In 588 B.C.E., during the siege of Jerusalem by the Babylonians, Jeremiah found himself imprisoned in the royal palace of King Zedekiah of Judah. He had been charged with desertion and treason and insurrection. And on some level, the charges had merit. Jeremiah had been forcefully pleading for Israel to turn from their ways. He saw the gathering storm of Babylon coming from the north. He spoke God’s word of judgment and divine condemnation of social injustice and idolatry. So, King Zedekiah had good reason to lock Jeremiah up in the palace. Jeremiah simply didn’t tow the royal line.
But then in Jeremiah 32, with war raging and despair undoubtedly growing, Jeremiah gets a new word from God. And this word is different. This word is in regard to some family business. A plot of family-owned land needs to be purchased. And by the right of redemption, a law found in Leviticus 25 which prevents the loss of family property, Jeremiah’s cousin, Hanamel, asks the prophet to buy the family field in Anathoth. It is an absurd request. It is not the time to invest in real estate. It is not the time to invest in the future. It is a time to panic about the present. War is raging. Terror is threatened on all sides. Exile is coming. For Israel the future looks bleak.
Now I do not have a degreee in real-estate – but I do know that there are two things that matter when deciding whether or not to buy property and the first is:
Location. Location. Location.
Jeremiah is being offered land that is currently under Babylonian rule. It’s a war zone. Furthermore the entire city is being plummeted. The bottom has fallen out of the housing market.
Hardly the time to buy property.
The family farm was under Babylonian control.
Verse 9-12 he scrapes together a down payment.
Goes through the settlement.
Buy a field in the possession of enemies.
Why? What good reason?
- The Lord told him to do it. – I knew this was the word of the Lord.
- Bold Faith
Jeremiah says in verse 15 that he has bold faith and great hope that while things are going to hell in a handbasket today, some day Houses and fields and vineyards will be restored. Like Shackleton he had a vision beyond the present moment.
When we are faced with a hard decision, a bold decision – it’s easy to let the “what if’s” get in the way. Psychologist call this the guardians of ideas – They protect us from failing and succeeding.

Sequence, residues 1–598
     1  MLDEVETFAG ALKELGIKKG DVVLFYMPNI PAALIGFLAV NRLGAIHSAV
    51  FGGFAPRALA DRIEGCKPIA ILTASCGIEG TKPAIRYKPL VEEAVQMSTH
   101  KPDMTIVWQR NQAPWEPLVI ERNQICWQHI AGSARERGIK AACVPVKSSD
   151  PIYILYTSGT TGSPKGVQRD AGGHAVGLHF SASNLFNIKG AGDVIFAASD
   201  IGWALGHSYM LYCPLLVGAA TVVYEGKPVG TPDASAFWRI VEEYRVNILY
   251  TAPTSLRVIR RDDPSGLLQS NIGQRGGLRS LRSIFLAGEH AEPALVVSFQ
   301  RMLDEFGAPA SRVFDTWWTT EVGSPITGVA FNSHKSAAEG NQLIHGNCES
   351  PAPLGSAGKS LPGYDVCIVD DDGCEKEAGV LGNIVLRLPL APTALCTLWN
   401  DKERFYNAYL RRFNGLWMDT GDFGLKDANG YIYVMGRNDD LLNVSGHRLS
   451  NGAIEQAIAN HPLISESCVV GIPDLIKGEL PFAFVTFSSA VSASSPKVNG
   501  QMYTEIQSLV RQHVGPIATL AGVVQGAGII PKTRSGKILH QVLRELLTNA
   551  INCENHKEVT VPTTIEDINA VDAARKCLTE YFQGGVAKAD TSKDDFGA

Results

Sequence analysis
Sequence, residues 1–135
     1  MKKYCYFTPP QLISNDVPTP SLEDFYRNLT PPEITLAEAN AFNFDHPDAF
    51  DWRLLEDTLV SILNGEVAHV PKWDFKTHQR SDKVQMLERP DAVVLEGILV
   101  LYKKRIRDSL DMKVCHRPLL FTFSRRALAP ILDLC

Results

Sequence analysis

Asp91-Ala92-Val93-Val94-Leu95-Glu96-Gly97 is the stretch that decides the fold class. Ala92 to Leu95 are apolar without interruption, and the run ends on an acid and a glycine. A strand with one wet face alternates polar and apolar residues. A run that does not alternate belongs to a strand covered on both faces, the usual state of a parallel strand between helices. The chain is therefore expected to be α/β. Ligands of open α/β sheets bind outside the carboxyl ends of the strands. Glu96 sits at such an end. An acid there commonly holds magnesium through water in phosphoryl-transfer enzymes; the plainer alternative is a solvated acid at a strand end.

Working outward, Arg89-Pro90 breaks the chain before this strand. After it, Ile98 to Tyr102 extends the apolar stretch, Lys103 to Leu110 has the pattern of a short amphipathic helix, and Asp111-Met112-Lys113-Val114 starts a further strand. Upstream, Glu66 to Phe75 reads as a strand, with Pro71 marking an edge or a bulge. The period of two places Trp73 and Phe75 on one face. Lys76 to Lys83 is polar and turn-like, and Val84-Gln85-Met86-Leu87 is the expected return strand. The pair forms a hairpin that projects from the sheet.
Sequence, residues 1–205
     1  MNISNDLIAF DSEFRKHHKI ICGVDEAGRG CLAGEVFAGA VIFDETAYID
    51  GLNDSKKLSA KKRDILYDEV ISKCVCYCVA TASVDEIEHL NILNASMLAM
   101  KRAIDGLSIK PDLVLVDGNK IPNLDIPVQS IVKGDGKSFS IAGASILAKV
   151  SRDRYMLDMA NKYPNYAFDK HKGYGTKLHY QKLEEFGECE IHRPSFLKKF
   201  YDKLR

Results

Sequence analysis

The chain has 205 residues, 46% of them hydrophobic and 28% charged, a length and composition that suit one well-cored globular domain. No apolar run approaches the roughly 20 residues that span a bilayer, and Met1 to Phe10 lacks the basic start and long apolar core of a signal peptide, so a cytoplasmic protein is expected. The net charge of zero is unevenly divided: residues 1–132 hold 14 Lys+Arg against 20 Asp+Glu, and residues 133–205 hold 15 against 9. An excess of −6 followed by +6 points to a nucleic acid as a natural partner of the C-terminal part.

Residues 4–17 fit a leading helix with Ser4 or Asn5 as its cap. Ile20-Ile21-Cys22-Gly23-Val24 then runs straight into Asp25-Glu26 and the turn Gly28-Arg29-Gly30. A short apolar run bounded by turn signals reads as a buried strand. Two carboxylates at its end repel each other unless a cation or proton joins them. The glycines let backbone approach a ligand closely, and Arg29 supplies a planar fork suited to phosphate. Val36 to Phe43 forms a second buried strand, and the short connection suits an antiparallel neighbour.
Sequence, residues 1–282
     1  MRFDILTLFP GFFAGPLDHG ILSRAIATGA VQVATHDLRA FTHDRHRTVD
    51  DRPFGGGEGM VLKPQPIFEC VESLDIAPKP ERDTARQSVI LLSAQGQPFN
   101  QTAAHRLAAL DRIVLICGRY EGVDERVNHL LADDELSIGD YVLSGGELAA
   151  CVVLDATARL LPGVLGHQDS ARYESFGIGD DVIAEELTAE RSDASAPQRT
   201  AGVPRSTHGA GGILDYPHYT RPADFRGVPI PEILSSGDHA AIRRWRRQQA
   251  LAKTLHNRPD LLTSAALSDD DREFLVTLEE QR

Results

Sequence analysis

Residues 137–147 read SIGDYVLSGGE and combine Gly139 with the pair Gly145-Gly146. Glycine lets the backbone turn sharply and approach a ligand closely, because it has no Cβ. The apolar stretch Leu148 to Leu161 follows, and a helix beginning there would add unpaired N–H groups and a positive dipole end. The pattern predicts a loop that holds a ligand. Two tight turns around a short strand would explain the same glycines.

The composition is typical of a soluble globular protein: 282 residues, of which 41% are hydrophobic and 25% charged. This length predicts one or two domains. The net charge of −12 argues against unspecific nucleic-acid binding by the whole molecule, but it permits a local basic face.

There’s a great line in the 1985 movie, Back to Future in which George McFly decides not to ask the girl who is supposed to be his wife because he says, “What if she turns me down, “I just don’t think I can handle that kind of rejection.”
Or you might remember the scene in Field of Dreams when Ray tears down his cornfield to put up a baseball field, because he hears a voice that tells him to do and his brother in law says, “Ray, you are broke. Sell now or you lose everything.
You will be evicted” But James Earl Jones says, “The one constant through all the years, Ray, has been baseball. America has rolled by like an army of steamrollers. It’s been erased like a blackboard, rebuilt, and erased again. But baseball has marked the time. This field, this game, is a part of our past, Ray. It reminds us of all that once was good, and it could be again. Ohhhhhhhh, people will come, Ray. People will most definitely come.”
Now here’s the reality, life is not the movies and we don’t all have James Earl Jones on our front porch to give us advice, or a time machine to see the past or the future. We have mortgages, and illness and taxes, and grades and decisions to make.
Moreover, as one elder put this week as we were praying – the world is just crazy. The unfathomable violence, painful racism, hunger for food and clean water is overwhelming.
Do we sit in the prison of our own worry and doubt about the shape of the world, or do we make a radical statement of hope?
You know, last September there was a lot of hope around here. We had a summit, a discovery and dream summit in which the congregation said, we want to do something different. We want to lighten up our walls and look more inviting. We want to engage with this community – with our neighbors in authentic ways. We want the congregation to identify and live into their spiritual gifts. We want to expand our hands on mission right here in this city, for this city.
And so, those ideas have evolved and a strategic plan has been created in the weeks after Easter you will learn the first steps we will be taking to put those visions into action.
They are all risks. We don’t know for certain if we will succeed. They may not work. We may have to change course along the way, or throw somebody over board – just kidding…It will require bold faith and great hope.
But here’s what I don’t believe. I don’t for one second believe we are on the titanic. I don’t for one second believe that we are alone at sea. I don’t believe for one second believe that God is not guiding us into new waters.
So today our symbolic act is about hope. And the question is not what do you hope for – the question is, what does God hope for you? What is God’s hope for you? What is God’s hope for this church? What is God’s hope for our community? What is God’s hope for our world? Be bold enough to ask God what it is God is hoping for. Take that yellow piece of paper and write down that hope.
Does he hope you buy a field?
Does he hope you take a risk?
Does he hope you love your neighbor?
What is the hope God has for the world?
Be bold enough to ask God that question.
Have enough faith be believe that God has an opinion.
Have enough hope to believe that God’s vision can be a reality.
During communion today, I invite you to come forward and before remembering the you have been given the bread of life and cup of salvation – listen to God, name the hope you believe God has for you and the world – lay that hope on the table.
One final word, from another person who had a vision for the church at time, when they wondered what in the world was happening. That person is Paul – who wrote to the church and Rome and gave this vision when things were looking bleak:
18 For I consider that the sufferings of this present time nare not worth comparing with the glory that is to be revealed to us….4 For yin this hope we were saved. Now zhope that is seen is not hope. For who hopes for what he sees? 25 But if we hope for what we do not see, we await for it with patience.
Thanks be to God. Amen